If you're counting on a slightly bigger paycheck as 2020 winds down due to Donald J. Trump's presidential payroll tax pronouncement, don't hold your breath.
Trump's Aug. 8 executive memo called for the deferral of the 6.2 percent employee portion of the Federal Insurance Contributions Act (FICA) tax that goes toward Social Security. The White House said it would be an easy way to provide relief for Americans during the COVID-19 crisis.
Others, however, weren't so sure about the proposal, especially the easy claim.
Almost immediately after the executive memo was released, questions were raised by potentially affected employees, the companies where they work, those who would administer this temporary tax change and, of course, the tax community.
The wisdom of such a move was debated by tax policy wonks. Businesses chimed, notably the U.S. Chamber of Commerce, on the effects on employers. And everyone, including the Association of International Certified Professional Accountants (AICPA), wanted more information.
They finally got the added info. Sorta.
Treasury announcement wanting: Late Friday, Aug. 28, afternoon, the U.S. Treasury issued Notice 2020-65. But like the original presidential memo, it is at best a big bunch of nothing.
It's a game of "chicken" with Congress on this one--if you don't forgive it, then there's going to be this January pay cut to explain. Because nobody on the Hill seemed at all interested in the payroll tax holiday, so this was a way to try and force them to play along...— Ed Zollars, CPA (@edzollars) August 29, 2020
The consensus, at least on #TaxTwitter, is that Treasury's guidance is, at best, a big bunch of nothing.
And at its worst, it could be setting up a whole lot of problems for workers, their employers and the country's most popular federal benefit program.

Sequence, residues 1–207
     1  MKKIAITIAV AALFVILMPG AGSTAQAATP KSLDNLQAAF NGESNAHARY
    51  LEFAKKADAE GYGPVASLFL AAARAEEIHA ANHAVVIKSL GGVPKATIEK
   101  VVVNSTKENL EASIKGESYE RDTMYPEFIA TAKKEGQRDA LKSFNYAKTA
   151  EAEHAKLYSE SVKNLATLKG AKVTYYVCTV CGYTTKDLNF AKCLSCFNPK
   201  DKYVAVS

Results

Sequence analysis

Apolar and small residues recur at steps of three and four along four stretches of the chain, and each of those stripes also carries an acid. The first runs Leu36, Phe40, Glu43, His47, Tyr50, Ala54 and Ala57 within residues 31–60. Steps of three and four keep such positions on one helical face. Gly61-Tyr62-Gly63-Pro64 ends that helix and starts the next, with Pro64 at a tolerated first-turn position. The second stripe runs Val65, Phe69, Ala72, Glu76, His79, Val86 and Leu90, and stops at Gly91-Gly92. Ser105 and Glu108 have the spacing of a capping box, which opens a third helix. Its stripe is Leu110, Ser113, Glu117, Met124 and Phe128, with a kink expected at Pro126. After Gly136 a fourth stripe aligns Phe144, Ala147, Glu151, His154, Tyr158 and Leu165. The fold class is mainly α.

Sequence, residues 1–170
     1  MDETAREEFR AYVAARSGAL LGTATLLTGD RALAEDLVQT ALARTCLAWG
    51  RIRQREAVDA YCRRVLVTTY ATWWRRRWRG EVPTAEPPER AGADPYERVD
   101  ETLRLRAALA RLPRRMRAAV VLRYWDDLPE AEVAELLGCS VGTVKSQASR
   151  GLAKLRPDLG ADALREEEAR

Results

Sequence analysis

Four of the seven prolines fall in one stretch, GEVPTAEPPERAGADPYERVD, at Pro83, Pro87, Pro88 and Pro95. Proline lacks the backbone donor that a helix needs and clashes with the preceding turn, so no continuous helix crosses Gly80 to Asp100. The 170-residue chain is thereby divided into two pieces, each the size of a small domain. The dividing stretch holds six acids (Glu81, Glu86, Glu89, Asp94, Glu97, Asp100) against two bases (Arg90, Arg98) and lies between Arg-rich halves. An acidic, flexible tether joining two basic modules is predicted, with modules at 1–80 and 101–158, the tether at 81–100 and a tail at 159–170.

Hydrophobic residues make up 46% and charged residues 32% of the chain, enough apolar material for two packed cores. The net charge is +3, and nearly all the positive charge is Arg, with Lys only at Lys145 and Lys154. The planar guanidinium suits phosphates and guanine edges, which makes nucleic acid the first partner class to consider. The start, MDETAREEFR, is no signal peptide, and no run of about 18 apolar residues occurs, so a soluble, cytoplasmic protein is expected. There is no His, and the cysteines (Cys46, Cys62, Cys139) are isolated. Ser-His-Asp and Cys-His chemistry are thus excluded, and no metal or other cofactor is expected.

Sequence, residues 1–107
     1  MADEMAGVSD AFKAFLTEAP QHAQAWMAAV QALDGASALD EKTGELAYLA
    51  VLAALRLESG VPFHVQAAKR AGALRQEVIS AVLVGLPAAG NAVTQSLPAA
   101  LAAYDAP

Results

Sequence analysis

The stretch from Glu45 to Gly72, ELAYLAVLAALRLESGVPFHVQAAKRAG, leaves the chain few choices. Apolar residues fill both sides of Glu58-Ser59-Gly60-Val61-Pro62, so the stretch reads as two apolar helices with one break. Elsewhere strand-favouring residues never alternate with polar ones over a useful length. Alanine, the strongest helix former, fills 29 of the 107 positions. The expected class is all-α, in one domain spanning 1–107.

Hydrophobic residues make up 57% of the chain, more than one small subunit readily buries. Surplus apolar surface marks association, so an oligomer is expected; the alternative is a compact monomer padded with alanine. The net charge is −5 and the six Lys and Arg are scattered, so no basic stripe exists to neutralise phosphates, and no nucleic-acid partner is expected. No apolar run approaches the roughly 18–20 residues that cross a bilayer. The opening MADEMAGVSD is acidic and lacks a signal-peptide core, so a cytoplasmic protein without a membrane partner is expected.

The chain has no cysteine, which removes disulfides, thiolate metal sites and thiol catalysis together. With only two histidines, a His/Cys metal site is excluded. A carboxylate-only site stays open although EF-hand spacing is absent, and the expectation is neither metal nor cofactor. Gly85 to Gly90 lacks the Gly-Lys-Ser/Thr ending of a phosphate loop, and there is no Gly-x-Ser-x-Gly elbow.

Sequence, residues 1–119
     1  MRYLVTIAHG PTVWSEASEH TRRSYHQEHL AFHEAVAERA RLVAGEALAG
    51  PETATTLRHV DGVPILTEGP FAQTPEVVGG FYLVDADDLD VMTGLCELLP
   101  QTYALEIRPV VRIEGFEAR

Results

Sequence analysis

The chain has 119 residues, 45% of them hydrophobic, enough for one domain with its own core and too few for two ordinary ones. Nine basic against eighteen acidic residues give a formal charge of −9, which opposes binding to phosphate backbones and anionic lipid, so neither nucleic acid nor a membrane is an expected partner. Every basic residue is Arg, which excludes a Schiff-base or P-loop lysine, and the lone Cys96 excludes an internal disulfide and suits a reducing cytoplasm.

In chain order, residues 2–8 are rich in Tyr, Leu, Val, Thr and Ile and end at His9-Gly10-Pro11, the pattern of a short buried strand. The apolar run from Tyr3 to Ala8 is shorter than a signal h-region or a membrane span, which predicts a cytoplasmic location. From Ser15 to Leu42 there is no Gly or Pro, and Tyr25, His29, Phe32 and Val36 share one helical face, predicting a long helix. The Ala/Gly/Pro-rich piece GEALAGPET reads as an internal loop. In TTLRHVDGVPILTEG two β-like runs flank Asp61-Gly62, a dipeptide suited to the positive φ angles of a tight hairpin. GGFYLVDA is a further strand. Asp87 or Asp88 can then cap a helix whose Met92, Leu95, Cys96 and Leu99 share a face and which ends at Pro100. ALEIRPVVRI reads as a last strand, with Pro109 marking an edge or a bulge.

Employer potential problems: First, Trump's proposal as spelled out in Treasury announcement could (likely will) leave employees who get a minimal short-term "raise" that compounds current COVID-19 financial troubles in the near future.
Sure, not having to have to pay (i.e., have withheld) the 6.2 percent Social Security segment of FICA for the next few months will put a few (very few, in some cases) dollars into paychecks.
But that tax relief is not permanent. It's essentially a short-term government loan.
And while there isn't any interest added, the amount that would have come from their paychecks must be paid back to Uncle Sam, specifically to the Social Security trust fund.
Under the Treasury instructions, that payback would come early next year.
Oh yay, NOT. That timing really sucks.
Say you were able, despite the pandemic's financial and physical limitations, to do at least a little holiday shopping. Then just as the credit card bills for those purchases arrive next January, you start getting smaller paychecks because the regular 6.2 percent Social Security tax starts coming out of your pay again. Plus, you lose even more as the deferred — yes, deferred, not forgiven — withholdings from the last few pay periods of 2019 are now recouped.